The US is expected to use so-called “E15” gasoline throughout the summer. On Tuesday, President Joe Biden will announce that the US Environmental Protection Agency will issue a national waiver allowing the ethanol-gasoline blend to be used between June 1 and September 15, as Americans complain about high fuel prices. Currently using this fuel is illegal due to smog regulations.
Ethanol-gasoline blends became popular in the 2000s as a potential panacea to solve the United States’ energy dependence on the Middle East, as well as a means of climate remediation. It has always played well in the Iowa Caucuses as it gives us something to do with our immense corn surplus.
E85 fuel — a blend of 85 percent ethanol and 15 percent gasoline — quickly fell out of favor. But 98 percent of US gas stations offer E10, a blend of 10 percent ethanol and 90 percent gasoline. according to the Environmental Protection Agency. At this concentration, the ethanol oxygenates the fuel and increases its octane rating; It also expands the country’s gasoline supply by diluting it.
As the name suggests, E15 is a blend of 15 percent ethanol and 85 percent gasoline. It’s much less common in the US due to the EPA’s restriction on summer sales (due to increased evaporation in hot weather), but in 2019 former President Donald Trump did approved for year-round use. In 2021, the U.S. Court of Appeals for the DC Circuit ruled that the EPA had exceeded his authority.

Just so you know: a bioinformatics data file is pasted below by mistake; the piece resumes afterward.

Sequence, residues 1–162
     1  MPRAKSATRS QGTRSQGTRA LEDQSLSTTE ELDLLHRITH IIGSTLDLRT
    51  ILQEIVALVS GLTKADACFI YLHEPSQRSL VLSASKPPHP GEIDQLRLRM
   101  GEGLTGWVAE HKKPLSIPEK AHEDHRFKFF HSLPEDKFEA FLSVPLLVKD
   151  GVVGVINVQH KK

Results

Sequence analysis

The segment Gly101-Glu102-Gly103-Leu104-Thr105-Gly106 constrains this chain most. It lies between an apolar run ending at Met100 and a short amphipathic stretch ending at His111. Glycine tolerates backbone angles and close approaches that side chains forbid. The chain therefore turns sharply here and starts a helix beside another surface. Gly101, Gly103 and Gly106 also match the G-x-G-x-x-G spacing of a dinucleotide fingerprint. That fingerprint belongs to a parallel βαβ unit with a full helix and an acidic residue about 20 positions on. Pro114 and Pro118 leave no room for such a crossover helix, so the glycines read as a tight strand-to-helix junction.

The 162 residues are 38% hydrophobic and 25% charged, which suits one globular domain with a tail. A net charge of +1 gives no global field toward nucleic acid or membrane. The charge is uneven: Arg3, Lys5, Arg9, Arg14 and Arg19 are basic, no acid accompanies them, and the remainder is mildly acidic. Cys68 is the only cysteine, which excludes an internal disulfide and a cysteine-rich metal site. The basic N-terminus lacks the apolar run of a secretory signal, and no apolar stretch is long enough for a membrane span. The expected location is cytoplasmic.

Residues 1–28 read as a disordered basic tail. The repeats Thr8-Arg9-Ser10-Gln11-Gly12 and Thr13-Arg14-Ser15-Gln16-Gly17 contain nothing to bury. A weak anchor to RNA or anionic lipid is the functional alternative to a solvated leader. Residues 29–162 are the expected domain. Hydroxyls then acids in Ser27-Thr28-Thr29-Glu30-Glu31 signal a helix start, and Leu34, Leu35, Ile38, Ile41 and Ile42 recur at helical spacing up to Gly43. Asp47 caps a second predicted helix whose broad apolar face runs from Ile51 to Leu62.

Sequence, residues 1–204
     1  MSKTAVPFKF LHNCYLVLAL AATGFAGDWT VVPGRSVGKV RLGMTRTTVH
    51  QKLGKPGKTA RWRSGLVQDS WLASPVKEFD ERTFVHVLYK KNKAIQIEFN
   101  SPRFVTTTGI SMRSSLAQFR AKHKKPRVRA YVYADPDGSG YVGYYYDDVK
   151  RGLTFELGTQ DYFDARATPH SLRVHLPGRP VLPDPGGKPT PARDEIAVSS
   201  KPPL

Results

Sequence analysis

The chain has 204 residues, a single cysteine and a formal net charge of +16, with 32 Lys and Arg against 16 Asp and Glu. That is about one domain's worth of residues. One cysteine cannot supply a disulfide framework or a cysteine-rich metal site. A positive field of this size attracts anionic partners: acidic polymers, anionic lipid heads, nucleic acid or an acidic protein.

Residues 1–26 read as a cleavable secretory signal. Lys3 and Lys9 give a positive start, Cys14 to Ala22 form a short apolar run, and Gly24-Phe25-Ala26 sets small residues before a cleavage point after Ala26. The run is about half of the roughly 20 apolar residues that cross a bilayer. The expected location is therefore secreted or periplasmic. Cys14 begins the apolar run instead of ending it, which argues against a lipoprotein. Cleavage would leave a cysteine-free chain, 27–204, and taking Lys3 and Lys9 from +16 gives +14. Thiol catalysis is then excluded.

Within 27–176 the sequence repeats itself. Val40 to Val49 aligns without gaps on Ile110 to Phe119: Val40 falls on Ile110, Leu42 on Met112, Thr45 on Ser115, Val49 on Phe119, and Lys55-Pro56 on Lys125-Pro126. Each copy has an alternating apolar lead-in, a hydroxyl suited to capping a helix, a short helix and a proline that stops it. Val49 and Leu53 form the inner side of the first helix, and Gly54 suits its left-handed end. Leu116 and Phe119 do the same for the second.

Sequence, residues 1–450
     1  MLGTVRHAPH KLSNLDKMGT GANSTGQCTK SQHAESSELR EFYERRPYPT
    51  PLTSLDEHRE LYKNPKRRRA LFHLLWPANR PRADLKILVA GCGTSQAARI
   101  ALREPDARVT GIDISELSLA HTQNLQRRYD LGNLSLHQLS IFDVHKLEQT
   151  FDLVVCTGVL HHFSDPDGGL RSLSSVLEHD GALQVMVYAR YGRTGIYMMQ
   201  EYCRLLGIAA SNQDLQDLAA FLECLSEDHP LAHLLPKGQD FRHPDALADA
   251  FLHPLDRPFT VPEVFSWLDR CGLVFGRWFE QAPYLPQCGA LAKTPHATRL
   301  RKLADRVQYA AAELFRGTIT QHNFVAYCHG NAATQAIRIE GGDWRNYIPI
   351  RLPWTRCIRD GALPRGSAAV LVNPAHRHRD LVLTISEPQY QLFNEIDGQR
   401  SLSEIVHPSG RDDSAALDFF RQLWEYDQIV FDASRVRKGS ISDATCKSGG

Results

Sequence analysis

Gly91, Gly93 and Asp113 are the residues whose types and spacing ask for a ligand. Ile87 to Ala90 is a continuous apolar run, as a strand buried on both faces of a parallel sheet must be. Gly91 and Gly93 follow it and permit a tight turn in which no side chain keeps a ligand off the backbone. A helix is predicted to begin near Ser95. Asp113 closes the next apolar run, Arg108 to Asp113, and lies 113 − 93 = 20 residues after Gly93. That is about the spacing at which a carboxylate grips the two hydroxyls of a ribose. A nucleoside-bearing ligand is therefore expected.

The White House says that despite a 15 percent drop in oil prices over the past three weeks, it is taking the step “to address the pain Americans feel at the pump as a result of Putin’s price hike.” The administration also says that “E15 can save a family an average of 10 cents per gallon of gas,” although the reduction in fuel efficiency due to E15’s lower energy density could make it difficult for anyone to actually notice.
It’s also bad news for anyone concerned about climate change. Although biofuel blends should save us, growing energy-intensive corn to dilute gasoline is probably worse than just burning the gas itself, Ars’ Tim de Chant reported in February. Last week, the Intergovernmental Panel on Climate Change released its latest report, stating that we must massively reduce CO2 emissions within the next three years if we are to have any chance of limiting global warming to even 2°C.
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